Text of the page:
A secondary analysis was performed to compare the 18-mo mortality among children exposed to alternatives to prolonged breast-feeding with the mortality of long-term breast-fed children using the ANRS 049 Ditrame trial. This historical trial was conducted in Abidjan, Côte d'Ivoire, and Bobo-Dioulasso, Burkina Faso, in 1995–1998, and it evaluated the efficacy of zidovudine to reduce mother-to-child transmission of HIV [24,25]. For the present analysis, we have included women from the Ditrame trial recruited in Côte d'Ivoire only. These women were recruited at the same sites and in the same population as the Ditrame Plus study. No strategy was proposed at that time to prevent the postnatal transmission of HIV: infants were long-term breast-fed as they usually are in Abidjan .
All live-born infants were available for analysis. In the case of multiple births, only the first born was included. Live-born infants fed at least once were classified in either the breast-fed or formula-fed group on the basis of the infant feeding practices recorded at the visit 2 d after birth, i.e., according to the feeding practice that had been actually initiated. Infants who died or were lost to follow-up before having been fed at least once were unclassified.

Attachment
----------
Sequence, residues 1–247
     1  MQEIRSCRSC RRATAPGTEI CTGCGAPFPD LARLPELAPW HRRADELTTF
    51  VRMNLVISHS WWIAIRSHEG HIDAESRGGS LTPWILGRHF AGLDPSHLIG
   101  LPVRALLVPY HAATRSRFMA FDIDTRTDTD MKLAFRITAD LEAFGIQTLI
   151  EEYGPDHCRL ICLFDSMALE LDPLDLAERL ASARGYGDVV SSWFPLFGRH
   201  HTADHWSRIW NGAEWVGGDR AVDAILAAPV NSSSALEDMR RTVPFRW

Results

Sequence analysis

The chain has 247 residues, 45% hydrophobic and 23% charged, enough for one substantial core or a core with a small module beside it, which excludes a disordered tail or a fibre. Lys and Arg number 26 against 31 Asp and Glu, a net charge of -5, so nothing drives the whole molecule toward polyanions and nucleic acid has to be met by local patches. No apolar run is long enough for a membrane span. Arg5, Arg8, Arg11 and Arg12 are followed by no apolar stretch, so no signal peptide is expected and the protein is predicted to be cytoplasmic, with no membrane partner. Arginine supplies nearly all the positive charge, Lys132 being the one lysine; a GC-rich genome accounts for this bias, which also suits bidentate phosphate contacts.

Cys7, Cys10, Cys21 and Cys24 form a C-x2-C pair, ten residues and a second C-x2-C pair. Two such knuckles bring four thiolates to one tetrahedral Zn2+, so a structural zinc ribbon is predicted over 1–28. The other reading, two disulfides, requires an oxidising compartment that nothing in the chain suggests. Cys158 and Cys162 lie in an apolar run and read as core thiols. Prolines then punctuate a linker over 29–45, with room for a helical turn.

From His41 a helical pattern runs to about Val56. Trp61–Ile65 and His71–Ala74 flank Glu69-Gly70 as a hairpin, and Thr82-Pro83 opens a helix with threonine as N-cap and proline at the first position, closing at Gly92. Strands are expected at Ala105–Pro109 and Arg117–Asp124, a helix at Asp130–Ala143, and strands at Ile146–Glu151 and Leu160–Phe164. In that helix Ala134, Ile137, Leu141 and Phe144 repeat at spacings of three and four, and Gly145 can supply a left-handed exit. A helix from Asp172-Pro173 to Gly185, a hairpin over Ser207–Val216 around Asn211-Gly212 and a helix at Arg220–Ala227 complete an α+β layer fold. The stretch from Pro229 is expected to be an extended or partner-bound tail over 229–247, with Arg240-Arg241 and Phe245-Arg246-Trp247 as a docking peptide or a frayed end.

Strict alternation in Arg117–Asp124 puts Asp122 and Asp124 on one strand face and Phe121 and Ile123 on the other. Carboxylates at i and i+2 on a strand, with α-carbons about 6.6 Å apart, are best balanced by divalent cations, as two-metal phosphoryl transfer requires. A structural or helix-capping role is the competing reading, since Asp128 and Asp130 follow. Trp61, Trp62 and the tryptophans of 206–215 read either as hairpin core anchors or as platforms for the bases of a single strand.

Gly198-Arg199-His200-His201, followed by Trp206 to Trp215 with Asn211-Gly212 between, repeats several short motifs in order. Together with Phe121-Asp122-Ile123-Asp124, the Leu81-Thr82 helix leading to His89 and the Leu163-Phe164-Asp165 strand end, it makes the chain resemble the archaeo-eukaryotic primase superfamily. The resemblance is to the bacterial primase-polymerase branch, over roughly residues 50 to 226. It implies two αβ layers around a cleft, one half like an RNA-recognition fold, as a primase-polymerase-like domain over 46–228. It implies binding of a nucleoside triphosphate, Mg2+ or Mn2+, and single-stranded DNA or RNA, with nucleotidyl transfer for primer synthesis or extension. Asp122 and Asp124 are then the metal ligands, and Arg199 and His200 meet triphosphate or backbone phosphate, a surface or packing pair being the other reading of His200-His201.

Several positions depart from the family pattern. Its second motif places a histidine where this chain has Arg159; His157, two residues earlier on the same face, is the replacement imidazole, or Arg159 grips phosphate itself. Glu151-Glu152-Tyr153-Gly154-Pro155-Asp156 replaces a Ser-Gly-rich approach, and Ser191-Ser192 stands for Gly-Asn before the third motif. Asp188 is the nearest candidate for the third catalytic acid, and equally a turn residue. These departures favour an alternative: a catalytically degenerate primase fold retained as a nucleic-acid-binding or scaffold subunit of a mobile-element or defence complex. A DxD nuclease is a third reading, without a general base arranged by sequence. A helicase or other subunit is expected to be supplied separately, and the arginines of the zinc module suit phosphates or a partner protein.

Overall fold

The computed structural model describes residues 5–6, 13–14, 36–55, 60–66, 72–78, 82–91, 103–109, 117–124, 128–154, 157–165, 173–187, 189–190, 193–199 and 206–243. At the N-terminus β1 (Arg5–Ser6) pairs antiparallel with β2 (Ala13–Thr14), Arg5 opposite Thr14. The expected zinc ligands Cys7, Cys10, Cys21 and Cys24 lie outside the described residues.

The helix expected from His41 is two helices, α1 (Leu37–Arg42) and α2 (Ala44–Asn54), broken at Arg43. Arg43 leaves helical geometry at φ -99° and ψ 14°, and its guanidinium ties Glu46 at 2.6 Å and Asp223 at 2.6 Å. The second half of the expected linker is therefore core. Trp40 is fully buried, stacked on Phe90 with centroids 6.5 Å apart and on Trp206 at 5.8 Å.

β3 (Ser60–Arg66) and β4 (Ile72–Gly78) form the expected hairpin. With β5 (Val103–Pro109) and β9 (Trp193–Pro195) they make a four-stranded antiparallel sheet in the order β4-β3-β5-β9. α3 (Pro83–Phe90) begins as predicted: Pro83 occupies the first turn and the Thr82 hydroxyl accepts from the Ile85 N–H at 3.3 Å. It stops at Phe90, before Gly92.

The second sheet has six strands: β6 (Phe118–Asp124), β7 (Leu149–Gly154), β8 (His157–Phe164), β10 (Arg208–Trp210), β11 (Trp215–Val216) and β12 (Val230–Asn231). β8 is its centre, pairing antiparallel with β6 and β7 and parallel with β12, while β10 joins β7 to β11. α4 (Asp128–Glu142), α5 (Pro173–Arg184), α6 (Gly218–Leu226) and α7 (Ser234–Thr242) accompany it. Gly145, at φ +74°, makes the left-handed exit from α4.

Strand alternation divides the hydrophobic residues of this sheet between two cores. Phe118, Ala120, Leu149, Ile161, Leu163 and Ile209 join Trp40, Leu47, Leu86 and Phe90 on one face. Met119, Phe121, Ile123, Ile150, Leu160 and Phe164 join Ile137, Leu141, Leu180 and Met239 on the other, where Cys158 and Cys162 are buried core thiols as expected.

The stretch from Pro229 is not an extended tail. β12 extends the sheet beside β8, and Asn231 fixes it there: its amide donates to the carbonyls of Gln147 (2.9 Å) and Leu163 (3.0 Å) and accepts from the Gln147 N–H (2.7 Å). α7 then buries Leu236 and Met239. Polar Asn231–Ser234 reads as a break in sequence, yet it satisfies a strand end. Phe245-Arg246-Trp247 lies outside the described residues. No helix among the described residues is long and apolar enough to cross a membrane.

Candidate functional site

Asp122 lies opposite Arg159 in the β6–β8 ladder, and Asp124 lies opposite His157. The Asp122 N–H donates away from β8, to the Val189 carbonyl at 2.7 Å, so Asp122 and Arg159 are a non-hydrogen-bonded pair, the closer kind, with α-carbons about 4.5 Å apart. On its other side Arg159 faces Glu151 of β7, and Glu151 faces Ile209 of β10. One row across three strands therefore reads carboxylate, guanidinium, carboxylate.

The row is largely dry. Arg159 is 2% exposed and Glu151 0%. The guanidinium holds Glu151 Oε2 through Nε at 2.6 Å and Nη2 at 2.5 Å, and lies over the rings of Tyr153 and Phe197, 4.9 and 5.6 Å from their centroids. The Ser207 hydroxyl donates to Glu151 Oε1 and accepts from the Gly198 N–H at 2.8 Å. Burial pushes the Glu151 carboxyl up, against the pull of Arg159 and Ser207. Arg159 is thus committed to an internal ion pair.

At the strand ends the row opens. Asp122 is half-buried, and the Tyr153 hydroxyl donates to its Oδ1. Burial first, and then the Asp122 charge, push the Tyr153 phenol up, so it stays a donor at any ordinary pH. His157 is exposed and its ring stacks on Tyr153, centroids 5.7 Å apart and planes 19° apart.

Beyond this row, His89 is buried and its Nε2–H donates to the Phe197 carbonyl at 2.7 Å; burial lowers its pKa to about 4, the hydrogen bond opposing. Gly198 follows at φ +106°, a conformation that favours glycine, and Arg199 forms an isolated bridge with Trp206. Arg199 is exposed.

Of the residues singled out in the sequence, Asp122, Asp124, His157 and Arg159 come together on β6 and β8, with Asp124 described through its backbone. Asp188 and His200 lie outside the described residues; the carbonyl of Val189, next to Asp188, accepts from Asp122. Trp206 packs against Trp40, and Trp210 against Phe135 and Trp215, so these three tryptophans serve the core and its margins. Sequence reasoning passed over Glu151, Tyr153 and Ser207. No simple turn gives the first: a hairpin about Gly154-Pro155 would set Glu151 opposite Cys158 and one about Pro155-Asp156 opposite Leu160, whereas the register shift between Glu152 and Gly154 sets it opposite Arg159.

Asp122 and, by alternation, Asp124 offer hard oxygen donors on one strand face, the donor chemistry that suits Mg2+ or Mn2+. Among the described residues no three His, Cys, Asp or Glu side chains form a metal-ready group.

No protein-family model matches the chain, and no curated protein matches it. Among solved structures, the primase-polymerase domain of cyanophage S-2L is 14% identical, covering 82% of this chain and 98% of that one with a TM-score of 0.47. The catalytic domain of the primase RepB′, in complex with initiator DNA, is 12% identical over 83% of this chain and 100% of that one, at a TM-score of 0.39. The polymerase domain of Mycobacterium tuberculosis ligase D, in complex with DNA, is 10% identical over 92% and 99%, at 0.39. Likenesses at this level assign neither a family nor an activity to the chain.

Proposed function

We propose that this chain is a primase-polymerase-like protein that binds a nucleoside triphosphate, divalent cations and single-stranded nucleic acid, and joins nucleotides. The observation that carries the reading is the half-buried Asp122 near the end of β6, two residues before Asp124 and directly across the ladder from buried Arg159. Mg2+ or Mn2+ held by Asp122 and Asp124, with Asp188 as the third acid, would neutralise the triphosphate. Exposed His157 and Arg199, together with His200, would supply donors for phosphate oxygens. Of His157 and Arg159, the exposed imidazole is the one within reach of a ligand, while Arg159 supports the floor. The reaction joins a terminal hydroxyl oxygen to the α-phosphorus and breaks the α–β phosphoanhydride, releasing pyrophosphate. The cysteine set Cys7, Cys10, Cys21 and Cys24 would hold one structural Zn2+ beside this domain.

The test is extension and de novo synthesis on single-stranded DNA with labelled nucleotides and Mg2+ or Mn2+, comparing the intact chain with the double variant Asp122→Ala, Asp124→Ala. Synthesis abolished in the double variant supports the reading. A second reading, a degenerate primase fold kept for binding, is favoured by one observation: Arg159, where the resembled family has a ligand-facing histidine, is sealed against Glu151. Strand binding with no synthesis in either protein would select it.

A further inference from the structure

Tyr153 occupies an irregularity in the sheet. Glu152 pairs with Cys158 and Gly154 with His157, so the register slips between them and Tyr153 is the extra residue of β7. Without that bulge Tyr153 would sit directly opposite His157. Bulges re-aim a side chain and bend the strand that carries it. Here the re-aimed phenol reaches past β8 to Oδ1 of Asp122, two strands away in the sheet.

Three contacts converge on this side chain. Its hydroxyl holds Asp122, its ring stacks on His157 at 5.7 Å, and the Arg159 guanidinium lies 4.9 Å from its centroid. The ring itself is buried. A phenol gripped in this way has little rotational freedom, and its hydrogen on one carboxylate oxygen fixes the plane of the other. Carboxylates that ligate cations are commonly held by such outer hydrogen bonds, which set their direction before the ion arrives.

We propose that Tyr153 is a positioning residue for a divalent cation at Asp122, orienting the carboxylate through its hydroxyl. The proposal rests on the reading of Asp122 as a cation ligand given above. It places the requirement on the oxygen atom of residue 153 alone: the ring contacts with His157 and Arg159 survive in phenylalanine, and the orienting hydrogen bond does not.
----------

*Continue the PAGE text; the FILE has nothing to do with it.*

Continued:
Baseline characteristics were compared between these two groups using the Pearson χ2 test or the Fisher exact test to compare categorical variables, and the Mann-Whitney U test to compare continuous variables.
Compliance with the infant feeding choice was assessed and defined as follows: breast-feeding mothers were considered noncompliant if they had ceased breast-feeding before the third month, and nonbreast-feeding mothers were considered noncompliant if they had breast-fed at least once over the study period. Total effective follow-up time expressed in person-years was compared to total expected follow-up time in both groups. The causes reported for stopping follow-up before the expected 24 mo were described.
The cumulative probabilities of remaining free from an adverse health outcome, a severe event or a validated morbid event, were compared between short-term breast-fed and formula-fed infants using time-to-failure methods, including the Kaplan-Meier estimation and log-rank testing. Multivariate analysis used Cox proportional-hazard models. This approach allowed for the estimation of HRs for mortality and morbidity between the two groups, with adjustment for pediatric HIV status (time-dependent variable) and other covariates at baseline (maternal education, type of housing, type of water supply, baseline maternal CD4 count, living or not with one's partner, study site, and low birth weight). Incidence rates of diarrhea, acute respiratory infection, and malnutrition were expressed per 100 person-year at risk, according to infant feeding practices and HIV status. Estimates were reported with their 95% confidence intervals (CIs).
All statistical analyses were carried out with the use of SAS software (version 8.2; SAS Institute, http://www.sas.com).